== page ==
Number 10 in the Sermon on the Mount Series
At one point in Jesus’ ministry he was accused by the Pharisees of allowing his disciples to break the tradition of the elders by eating with unwashed hands. This account is recorded In Matthew 15:1-20 and Mark 7:1-23. Jesus’ response is interesting when he declares that it is not what a man eats which defiles him, but the things which come out of his mouth are evidence of the defilement that is already inside.
Jesus is telling the Pharisees (and us) that it is the defiled heart which causes the wrong behavior. The behavior is a symptom and not a cause of impurity.
It is this context which makes the sixth Beatitude in Matthew 5:8 so interesting.
Blessed are the pure in heart, for they shall see God.
In the Israel of Jesus’ day, there were many regulations regarding external purity. The nation had food regulations, commands concerning washing, laws about touching dead bodies, ceremonial cleansings and prescribed worship. When they complied with these regulations, they could claim that they had purity in their practice, or what I would call practical purity.
Modern day legalists operate in much the same way. We can have lists of things to avoid and things to do which are used as litmus tests to determine the level of purity or spirituality. If you’ve been around the church enough, you’re bound to have run into one or more of these modern day Pharisees.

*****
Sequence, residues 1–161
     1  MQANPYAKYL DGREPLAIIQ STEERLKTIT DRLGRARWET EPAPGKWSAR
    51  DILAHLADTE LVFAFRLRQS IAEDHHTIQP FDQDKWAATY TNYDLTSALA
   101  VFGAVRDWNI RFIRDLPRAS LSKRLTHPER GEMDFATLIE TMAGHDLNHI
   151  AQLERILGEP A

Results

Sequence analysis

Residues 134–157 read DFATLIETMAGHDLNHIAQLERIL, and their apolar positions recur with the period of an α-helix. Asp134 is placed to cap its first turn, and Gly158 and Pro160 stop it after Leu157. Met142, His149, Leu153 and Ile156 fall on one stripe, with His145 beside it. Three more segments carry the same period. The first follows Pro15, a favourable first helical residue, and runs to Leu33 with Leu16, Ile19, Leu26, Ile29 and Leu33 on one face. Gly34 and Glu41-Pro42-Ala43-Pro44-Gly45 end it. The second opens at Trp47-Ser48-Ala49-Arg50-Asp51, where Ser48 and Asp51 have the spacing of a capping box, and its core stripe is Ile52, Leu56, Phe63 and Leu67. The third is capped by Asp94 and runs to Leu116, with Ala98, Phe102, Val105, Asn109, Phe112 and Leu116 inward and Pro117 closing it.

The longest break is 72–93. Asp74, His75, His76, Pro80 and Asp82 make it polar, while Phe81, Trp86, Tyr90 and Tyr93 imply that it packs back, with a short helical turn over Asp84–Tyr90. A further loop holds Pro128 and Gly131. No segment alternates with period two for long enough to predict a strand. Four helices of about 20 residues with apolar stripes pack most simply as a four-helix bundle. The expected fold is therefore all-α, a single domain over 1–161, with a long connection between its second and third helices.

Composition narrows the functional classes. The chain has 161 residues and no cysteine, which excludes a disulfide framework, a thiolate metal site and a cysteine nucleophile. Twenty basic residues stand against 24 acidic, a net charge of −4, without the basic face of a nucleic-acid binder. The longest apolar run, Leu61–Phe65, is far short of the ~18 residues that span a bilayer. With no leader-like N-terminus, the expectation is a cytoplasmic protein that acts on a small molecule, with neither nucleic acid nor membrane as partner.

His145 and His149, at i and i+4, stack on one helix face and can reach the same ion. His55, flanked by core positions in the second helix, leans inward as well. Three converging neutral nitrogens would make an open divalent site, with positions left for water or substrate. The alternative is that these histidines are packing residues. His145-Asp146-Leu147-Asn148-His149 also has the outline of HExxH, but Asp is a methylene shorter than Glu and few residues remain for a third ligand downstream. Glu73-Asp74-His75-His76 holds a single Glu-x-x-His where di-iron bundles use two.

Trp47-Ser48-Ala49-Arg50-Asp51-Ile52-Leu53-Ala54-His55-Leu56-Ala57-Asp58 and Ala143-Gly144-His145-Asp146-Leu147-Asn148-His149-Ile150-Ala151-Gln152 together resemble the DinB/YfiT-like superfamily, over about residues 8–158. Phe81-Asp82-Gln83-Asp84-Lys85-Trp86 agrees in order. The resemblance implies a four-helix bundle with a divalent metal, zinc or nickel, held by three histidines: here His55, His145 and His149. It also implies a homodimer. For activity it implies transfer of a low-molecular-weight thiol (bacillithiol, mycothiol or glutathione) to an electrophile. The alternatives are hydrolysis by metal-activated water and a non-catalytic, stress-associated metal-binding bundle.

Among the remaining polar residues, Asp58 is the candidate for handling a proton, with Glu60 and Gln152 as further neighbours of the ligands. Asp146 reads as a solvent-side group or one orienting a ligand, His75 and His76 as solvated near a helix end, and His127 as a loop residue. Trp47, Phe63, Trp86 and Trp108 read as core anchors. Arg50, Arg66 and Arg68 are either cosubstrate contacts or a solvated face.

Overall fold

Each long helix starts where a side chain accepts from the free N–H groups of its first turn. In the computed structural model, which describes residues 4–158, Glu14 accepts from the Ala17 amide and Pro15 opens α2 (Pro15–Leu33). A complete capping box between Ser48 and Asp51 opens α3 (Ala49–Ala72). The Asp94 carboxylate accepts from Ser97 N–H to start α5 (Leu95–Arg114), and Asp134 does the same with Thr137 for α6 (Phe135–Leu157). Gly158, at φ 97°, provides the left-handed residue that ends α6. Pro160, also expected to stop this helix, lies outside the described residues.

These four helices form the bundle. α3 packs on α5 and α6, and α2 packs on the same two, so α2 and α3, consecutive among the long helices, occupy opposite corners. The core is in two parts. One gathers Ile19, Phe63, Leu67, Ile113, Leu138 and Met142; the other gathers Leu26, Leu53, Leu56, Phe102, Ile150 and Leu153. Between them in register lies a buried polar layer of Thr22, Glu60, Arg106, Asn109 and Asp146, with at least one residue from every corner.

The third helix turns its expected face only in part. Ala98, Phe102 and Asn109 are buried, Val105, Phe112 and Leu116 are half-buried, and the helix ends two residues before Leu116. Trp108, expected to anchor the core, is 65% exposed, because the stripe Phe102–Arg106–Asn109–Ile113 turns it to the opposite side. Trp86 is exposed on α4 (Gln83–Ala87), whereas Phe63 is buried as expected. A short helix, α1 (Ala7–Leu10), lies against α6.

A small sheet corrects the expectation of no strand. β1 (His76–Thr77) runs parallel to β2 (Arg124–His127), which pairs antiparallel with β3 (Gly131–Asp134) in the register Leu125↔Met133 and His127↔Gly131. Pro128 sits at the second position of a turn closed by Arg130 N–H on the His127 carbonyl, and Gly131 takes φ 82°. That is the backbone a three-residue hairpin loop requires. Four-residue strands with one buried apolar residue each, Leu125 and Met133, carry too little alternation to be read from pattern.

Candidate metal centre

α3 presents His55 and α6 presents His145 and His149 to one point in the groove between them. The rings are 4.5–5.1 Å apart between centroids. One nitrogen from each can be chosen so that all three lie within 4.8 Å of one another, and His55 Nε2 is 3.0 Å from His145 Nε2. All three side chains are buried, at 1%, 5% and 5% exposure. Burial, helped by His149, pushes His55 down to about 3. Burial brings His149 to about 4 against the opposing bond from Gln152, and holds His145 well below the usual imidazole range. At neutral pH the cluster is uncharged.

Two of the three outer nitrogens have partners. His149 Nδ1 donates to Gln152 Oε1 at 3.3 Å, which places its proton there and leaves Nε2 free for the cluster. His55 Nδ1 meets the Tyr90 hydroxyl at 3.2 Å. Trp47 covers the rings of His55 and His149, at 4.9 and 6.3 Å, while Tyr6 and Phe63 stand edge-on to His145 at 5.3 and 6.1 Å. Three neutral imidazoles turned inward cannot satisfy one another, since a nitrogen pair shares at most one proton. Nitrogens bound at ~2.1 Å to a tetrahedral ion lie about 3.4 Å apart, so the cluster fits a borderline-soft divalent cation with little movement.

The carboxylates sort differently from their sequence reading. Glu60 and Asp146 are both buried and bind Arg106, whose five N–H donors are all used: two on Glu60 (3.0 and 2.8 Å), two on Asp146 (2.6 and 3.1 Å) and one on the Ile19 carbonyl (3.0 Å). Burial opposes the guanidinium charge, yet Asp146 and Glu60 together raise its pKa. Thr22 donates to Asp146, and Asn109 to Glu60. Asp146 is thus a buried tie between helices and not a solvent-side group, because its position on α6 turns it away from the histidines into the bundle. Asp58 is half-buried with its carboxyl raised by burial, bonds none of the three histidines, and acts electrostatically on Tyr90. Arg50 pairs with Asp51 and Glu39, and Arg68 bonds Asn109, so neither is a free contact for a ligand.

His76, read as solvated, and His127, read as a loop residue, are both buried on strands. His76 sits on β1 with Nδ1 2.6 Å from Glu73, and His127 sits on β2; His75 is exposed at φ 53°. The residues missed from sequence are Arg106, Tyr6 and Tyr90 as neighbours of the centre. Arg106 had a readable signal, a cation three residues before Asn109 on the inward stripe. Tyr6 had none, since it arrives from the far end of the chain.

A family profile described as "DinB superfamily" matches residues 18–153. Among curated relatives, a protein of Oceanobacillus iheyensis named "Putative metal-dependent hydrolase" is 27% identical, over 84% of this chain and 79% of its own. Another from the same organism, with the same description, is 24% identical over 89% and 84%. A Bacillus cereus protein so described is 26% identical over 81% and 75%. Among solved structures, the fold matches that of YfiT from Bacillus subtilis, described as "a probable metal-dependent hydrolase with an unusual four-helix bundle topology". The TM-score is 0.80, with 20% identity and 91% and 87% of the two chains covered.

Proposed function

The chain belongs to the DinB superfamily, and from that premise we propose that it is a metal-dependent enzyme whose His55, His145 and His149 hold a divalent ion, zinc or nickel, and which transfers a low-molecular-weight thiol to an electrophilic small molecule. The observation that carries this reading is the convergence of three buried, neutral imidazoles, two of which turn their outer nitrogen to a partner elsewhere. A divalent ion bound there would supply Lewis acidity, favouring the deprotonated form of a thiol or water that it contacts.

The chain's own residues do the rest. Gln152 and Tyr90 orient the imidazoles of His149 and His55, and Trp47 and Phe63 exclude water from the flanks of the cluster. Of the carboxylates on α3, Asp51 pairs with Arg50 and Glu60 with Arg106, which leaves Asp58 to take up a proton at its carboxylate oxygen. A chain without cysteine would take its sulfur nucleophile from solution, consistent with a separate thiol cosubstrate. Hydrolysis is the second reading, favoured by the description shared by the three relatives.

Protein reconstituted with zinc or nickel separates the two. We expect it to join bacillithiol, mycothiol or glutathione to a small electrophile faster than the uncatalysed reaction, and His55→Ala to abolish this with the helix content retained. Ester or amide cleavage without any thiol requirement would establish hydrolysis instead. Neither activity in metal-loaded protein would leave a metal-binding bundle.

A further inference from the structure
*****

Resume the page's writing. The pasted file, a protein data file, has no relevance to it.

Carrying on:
This is not the purity of which Jesus is speaking of here. External purity can be produced by those who are impure in their motives. Jesus referred to them as white washed tombs that were clean on the outside but full of dead men’s bones (Matthew 23:27).
The purity to which Jesus refers is positional purity, or purity that is ascribed to us by God. Jeremiah tells us in Jer. 17:9 that “the heart is more deceitful than all else and is desperately sick; who can understand it?” David cried out in Psalm 51:10: “Create in me a clean heart, O God,”
We have a congenital defect, we are born with a sin nature and as A. T. Robertson tells us, “Sin befogs and beclouds the heart.” In Hebrews 12:14 we read that without purity no-one will see the Lord.
So how then can this Beatitude be fulfilled?
Paul tells us in 2 Corinthians 5:21 that when we are in Christ, we exchange his righteousness for our sin. In other words, we trade our impurity for his purity. We are then viewed by God as being pure.
It is only after this transaction has taken place that positional purity comes to an individual heart. It is because of this positional purity of heart that we can see God.
This is another promise that has an immediate and an ultimate fulfillment. In Ephesians 2:4-5 Paul tells us that though we started out life dead in our sins, we are made alive in Christ. Spiritually dead people cannot see or respond to God. In Christ, however, we can begin to see God in the sense that we are aware of his presence and work in our lives. This is the immediate fulfillment.
The ultimate fulfillment comes when believers stand before God. We read in 1 John 3:2–3 we will see Jesus just as he is in his entire deific splendor. We will then be fully know and be fully known by God (1 Corinthians 13:12). What a day that will be!
Until that day, we have to be satisfied with our intermediate experience of God as our down payment on the ultimate experience. When that happens, the good will be transformed into the best.